FOR IMMEDIATE RELEASE
Lawrence + Memorial Hospital using precision medicine to treat breast cancer
NEW LONDON, CT (Oct. 12, 2021) Yale New Haven Health is bringing precision medicine to breast cancer patients at Lawrence + Memorial Hospital (L+M) with a new imaging agent that is designed specifically to detect certain types of recurrent or metastatic breast cancer.
Last year for the first time, the Food and Drug Administration (FDA) approved a Positron Emission Tomography (PET) nuclear medicine imaging agent, Cerianna, which detects estrogen receptor (ER) positive lesions to help determine treatment protocols for patients with recurrent or metastatic breast cancer.
“This new imaging is significantly more specific than other imaging agents and is a valuable additional tool in our toolbox,” said Louis Mazzarelli, MD, director of diagnostic radiology at L+M and Westerly hospitals. “If a PET scan identifies disease, we can aid our Smilow Oncology team in developing a more personalized treatment plan, which can significantly alter outcome for our patients.”
“This is a totally different approach to medicine,” he said. “Once in the body, the radiotracer seeks abnormalities specifically related to estrogen positive breast cancer. If these are present within lymph nodes or within the body otherwise, the treating team can use that lesion roadmap to develop an optimal care plan.”
The radiotracer is injected during a PET scan and highlights the presence of cancer in organs and tissue. In particular, it provides visual detection of ER positive lesions. The process takes about 80 minutes before radiologists are able to review the images.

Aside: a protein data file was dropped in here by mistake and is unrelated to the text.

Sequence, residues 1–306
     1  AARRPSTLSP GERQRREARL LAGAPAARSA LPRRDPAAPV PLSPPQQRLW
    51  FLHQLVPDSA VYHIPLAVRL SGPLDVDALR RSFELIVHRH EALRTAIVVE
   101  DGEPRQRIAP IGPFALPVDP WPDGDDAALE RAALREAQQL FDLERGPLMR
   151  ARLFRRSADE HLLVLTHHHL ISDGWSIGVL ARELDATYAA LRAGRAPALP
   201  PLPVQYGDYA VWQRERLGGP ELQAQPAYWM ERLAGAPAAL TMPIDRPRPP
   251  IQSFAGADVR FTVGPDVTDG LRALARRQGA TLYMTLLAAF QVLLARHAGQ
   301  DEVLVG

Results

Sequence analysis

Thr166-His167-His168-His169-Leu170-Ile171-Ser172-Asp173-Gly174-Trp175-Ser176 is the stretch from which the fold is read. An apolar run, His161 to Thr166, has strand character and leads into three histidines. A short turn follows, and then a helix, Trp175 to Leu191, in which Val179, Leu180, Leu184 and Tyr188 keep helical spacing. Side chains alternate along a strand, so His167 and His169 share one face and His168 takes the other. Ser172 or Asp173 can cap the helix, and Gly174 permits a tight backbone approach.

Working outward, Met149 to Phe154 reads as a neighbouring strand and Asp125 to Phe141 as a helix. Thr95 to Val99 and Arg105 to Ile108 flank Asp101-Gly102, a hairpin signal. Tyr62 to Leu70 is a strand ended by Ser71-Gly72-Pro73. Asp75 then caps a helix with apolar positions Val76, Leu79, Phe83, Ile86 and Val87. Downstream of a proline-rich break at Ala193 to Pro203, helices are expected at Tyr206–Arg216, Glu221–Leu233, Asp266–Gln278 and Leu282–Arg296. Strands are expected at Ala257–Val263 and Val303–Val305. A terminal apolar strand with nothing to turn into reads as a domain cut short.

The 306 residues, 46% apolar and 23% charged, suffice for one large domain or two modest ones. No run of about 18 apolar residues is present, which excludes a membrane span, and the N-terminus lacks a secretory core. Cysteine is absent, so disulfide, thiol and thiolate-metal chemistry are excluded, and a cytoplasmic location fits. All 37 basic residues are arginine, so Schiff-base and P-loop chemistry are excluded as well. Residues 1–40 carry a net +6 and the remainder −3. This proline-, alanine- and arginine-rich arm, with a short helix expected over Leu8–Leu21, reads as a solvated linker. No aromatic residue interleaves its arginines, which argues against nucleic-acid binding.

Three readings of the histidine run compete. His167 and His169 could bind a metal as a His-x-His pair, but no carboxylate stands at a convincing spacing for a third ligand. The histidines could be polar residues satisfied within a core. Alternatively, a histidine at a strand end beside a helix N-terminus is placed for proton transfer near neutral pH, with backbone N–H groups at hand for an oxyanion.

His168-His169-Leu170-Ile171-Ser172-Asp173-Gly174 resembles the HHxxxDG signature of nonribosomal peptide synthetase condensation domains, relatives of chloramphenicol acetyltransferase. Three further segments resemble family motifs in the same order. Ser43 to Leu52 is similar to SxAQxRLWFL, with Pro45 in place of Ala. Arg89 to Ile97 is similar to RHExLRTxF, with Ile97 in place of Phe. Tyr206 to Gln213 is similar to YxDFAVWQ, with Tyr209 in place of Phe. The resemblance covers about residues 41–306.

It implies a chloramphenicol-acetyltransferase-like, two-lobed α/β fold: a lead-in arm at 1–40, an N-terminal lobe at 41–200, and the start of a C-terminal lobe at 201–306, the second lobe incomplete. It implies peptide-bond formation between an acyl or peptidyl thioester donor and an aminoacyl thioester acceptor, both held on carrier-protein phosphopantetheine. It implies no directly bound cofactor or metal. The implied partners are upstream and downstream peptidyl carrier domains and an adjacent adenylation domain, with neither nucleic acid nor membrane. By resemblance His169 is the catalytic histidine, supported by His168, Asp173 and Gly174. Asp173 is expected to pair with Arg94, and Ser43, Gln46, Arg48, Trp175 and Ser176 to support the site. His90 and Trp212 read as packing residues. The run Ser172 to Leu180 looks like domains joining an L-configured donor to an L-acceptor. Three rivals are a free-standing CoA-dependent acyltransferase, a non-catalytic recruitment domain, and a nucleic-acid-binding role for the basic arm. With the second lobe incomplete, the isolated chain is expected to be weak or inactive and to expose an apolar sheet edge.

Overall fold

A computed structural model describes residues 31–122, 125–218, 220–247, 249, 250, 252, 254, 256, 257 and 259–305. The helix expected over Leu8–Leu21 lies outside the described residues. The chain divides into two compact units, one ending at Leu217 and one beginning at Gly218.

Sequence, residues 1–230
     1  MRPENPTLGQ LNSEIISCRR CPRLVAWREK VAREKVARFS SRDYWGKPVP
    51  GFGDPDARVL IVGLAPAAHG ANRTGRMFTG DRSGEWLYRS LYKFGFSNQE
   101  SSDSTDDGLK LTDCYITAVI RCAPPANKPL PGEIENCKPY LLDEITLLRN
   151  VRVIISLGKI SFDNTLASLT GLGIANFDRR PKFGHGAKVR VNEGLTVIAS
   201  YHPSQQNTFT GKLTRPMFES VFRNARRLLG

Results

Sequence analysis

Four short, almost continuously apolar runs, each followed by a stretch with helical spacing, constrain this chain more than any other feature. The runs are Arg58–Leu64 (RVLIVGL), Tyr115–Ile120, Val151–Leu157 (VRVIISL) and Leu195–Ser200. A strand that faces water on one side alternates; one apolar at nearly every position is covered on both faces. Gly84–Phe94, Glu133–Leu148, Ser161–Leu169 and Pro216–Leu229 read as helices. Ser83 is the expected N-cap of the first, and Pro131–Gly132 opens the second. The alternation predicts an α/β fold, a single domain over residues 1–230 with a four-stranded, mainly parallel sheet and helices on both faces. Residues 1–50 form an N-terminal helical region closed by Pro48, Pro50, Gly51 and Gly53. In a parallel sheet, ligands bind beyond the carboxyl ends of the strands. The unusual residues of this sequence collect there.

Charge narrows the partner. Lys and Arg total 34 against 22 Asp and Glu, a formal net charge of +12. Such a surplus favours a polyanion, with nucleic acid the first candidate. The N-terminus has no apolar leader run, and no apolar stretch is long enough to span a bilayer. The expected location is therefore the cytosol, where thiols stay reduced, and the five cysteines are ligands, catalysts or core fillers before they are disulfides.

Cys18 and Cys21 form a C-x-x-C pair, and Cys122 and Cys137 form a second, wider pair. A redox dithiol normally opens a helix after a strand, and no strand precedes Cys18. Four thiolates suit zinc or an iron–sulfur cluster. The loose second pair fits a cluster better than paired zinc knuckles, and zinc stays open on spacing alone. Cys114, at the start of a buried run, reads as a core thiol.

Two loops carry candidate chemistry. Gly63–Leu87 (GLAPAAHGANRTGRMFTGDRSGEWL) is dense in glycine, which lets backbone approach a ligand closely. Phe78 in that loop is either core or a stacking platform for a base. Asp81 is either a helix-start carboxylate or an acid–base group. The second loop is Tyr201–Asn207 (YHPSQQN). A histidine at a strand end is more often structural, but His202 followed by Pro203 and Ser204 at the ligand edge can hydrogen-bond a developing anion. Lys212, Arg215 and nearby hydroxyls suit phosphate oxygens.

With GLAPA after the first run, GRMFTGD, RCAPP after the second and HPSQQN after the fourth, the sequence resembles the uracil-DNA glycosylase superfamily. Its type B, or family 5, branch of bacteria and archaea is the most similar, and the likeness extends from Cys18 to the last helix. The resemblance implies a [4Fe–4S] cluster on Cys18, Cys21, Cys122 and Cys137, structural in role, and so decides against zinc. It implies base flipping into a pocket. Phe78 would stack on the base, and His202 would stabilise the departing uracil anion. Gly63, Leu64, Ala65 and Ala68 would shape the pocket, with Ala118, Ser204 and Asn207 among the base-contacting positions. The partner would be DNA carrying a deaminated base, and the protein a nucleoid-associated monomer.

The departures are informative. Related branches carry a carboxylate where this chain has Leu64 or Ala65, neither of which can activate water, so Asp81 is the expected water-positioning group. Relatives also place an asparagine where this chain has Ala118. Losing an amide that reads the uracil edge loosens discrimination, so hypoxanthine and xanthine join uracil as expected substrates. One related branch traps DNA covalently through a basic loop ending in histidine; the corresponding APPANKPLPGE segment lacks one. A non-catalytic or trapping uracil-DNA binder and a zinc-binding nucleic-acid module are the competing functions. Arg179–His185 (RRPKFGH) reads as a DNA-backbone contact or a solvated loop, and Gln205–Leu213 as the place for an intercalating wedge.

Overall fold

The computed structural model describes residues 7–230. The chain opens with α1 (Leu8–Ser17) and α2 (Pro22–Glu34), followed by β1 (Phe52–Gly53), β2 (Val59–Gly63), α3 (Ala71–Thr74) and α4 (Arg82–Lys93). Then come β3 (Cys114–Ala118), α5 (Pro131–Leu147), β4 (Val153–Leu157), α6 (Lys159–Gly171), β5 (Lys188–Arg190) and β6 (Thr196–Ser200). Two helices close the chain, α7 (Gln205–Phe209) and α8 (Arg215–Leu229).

It is estimated that 1 in 12 women in the United States will develop some form of breast cancer and that over a quarter-million breast cancer diagnoses are made each year. The American Cancer Society estimates that roughly two out of every three breast cancer cases are hormone receptor positive.
“We are excited to offer this new advanced imaging technique which provides a more specific understanding of the extent of disease in a subset of our patients with breast cancer,” said Robert D. Legare, MD, medical director, Smilow Cancer Hospital Care Center at Waterford. “Our radiologists are bringing advanced diagnostic techniques to our community, offering innovation to help us serve our patients in the best possible manner.
“The use of this radiotracer is a significant step forward in nuclear medicine that will allow physicians to more precisely treat their patients based on the most accurate information” said Dr. Mazzarelli. “While we have made significant strides in breast cancer treatment for the general population, we can now further customize treatment one patient at a time, bringing the greatest of care to our patients.”